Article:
You don’t get to decide if you’re a platform

Seeing lots of startups pitch themselves as a platform play right out of the gate. The reality is, you don’t get to tell people you’re a platform, they tell you. The platforms we think about today (e.g. Twitter, FB, Android/iOS) all started out as services which attracted end user interest. Then they evolved into a platform in order to grow their business, solve non-core use cases and answer the demands of developers who were otherwise hacking at the product inelegantly or uneconomically.

A platform doesn’t just mean that others can integrate or use your services, it means you have a compelling technical and business proposition which creates enough value for both you and developers to run sustainable and competitive businesses. I would push further and suggest that other companies are able to develop on your platform using a standard deal or terms of service — if access and business rules require a negotiated agreement, it’s not a true platform.

Businesses that start off calling themselves a platform often:
(a) fail because they cannot bring enough value to platform developers in order to get their attention. Or they attract developers but are unable to create enough additional value, meaning the platform cannot extract their own economic rents from the service. Note, in this case “fail” doesn’t necessarily mean “your technology is not interesting” but rather you didn’t find a business model. In these situations the technology is often eventually open-sourced or sold to another company via small acquihire or asset transfer.
(b) realize success not as a platform but as middleware or component technology. Somewhere along the path to Web2, being infrastructure became a dirty word. You wanted to pitch yourself as a “platform” because that was sexy and ubiquitous, but in reality if you’re supplying, for example, lat/long data for a given location lookup, you’re not a “geo platform” you’re infrastructure. I don’t think Twilio started thinking of themselves as a platform so much as a kickass piece of technical infrastructure.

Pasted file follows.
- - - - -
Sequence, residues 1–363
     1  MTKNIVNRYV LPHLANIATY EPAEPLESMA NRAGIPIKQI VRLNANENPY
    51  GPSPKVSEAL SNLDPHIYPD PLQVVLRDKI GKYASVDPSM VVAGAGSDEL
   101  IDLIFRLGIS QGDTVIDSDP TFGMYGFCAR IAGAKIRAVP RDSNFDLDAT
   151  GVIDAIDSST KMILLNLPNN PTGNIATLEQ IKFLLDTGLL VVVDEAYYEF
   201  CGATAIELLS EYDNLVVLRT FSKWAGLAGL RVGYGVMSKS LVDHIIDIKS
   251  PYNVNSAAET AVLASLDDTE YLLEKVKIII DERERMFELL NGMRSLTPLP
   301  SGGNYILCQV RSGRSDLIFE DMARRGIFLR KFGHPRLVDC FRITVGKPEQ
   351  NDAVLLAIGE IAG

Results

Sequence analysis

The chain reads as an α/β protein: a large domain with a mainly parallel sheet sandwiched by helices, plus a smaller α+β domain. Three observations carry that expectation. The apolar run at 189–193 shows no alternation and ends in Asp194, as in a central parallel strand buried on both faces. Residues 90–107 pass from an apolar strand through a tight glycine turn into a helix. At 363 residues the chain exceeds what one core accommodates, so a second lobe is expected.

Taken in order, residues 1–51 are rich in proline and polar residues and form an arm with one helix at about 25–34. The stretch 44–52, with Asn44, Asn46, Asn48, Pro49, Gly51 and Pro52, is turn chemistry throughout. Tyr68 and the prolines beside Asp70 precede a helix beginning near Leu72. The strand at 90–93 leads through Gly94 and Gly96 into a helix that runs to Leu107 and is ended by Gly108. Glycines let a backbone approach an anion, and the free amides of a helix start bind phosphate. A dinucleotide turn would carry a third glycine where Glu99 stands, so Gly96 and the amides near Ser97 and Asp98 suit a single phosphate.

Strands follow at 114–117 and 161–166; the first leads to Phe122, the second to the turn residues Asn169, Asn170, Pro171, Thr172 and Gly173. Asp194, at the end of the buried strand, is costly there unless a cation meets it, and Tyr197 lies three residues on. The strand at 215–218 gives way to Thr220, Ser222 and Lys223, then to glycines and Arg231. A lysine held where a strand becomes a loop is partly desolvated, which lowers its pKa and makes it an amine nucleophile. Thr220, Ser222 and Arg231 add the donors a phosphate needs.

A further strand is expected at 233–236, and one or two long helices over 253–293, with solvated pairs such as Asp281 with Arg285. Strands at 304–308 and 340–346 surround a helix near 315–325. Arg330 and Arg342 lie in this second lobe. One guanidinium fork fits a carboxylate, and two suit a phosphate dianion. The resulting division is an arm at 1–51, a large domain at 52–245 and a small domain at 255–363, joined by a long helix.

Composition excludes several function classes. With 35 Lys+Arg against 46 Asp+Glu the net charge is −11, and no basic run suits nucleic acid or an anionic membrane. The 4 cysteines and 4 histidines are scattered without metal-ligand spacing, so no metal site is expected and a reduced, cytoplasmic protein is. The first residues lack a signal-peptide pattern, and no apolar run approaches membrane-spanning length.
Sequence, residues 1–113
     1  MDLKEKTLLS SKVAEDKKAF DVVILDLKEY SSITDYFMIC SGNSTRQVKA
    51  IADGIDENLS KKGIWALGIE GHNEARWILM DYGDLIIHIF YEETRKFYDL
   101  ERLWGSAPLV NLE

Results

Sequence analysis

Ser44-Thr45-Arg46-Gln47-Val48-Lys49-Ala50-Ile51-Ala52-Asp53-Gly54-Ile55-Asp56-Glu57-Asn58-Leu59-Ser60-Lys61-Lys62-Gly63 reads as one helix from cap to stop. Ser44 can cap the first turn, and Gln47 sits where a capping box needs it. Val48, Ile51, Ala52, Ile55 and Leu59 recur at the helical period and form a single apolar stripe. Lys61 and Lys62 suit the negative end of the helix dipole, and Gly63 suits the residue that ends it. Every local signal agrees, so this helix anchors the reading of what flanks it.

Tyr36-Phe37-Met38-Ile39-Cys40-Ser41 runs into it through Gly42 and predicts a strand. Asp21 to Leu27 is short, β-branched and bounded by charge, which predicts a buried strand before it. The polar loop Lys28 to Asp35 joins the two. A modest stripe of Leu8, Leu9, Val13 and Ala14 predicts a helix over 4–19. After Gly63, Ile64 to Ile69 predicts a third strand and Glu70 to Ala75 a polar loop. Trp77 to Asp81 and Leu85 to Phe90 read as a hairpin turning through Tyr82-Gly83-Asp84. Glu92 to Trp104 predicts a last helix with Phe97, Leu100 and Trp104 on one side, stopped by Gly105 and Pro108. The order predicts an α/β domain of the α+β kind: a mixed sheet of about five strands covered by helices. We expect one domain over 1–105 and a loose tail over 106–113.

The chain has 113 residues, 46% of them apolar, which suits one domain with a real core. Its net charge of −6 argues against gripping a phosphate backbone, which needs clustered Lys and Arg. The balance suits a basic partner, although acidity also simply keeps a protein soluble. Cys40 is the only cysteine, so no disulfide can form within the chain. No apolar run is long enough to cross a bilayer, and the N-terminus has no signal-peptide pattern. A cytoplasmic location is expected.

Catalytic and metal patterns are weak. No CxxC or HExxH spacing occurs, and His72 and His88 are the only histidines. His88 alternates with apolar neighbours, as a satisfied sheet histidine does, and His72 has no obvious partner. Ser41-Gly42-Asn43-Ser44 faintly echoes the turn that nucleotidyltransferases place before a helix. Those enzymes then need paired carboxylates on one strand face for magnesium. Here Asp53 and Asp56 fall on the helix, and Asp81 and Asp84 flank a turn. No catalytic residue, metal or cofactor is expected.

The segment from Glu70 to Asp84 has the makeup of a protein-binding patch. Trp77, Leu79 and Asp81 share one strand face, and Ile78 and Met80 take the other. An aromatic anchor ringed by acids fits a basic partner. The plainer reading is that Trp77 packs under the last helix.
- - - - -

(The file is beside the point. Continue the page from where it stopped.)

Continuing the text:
So my best advice to entrepreneurs is to not anoint yourself a platform prematurely – it ultimately won’t be good for your product or business. Start out with an API strategy and broaden to a platform strategy if it’s the right strategic decision.
* Since it’s the beginning of the year and everyone is piling on with “2012 Ones to Watch” type of posts, i’ll add three potential next meaningful technology/service platforms (outside of YouTube which i normally don’t comment on because of my employment).
  • G+ — not a surprise here as they’ve already discussed the API development. Platform value will be derived from access to audience, circle graph, one-click payment model via Google Wallet, identity authentication, cloud storage, etc
  • Spotify — they’ve started with the platformization — i like their app strategy w/in Spotify although the UX is very clunky. What i’m even more excited about is Spotify as an external music OS – allowing users of music products to authenticate against their Spotify account in order to access full music streaming. For example, perhaps SoundTracking support full song listening for Spotify customers instead of 30s samples.
  • Square — Square has several interesting big dollar dollar opportunities (such as SMB CRM, dynamic pricing optimizations, loyalty programs, merchant discovery and promotion) beyond payment processing and i think they’ll likely pursue those before any platformization occurs.